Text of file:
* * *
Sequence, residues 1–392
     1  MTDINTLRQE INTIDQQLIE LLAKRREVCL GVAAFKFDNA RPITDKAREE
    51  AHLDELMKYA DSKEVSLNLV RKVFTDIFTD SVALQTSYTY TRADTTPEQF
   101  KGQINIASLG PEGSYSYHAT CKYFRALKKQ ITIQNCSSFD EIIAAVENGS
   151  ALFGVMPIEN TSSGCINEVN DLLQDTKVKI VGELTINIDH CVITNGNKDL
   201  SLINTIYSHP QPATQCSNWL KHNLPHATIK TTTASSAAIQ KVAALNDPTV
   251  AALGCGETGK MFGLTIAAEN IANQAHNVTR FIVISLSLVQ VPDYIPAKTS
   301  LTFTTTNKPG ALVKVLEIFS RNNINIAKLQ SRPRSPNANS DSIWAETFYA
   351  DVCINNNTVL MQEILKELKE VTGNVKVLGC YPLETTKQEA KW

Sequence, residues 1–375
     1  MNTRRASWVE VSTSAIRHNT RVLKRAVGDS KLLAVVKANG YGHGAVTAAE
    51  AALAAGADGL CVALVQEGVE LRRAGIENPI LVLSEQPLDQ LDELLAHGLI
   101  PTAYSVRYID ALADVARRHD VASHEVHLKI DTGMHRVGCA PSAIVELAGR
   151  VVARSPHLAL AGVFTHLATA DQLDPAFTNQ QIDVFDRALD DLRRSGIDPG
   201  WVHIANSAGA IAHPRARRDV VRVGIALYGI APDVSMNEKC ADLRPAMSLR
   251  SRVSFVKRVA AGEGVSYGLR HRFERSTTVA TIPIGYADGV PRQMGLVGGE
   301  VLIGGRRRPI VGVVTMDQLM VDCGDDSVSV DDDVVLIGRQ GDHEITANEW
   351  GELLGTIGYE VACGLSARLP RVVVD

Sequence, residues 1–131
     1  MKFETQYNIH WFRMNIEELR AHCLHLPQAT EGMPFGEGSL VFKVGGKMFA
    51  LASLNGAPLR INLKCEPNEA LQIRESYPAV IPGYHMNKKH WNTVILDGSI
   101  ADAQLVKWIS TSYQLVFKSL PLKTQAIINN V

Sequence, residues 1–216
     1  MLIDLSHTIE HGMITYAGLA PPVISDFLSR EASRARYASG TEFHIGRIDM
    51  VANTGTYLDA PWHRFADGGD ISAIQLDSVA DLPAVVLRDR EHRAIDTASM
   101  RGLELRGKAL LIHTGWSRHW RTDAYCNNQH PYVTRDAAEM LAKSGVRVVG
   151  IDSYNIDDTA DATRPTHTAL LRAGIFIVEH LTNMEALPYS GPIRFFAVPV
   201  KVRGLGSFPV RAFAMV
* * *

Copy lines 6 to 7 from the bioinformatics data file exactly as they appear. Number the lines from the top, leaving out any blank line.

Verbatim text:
   201  SLINTIYSHP QPATQCSNWL KHNLPHATIK TTTASSAAIQ KVAALNDPTV
   251  AALGCGETGK MFGLTIAAEN IANQAHNVTR FIVISLSLVQ VPDYIPAKTS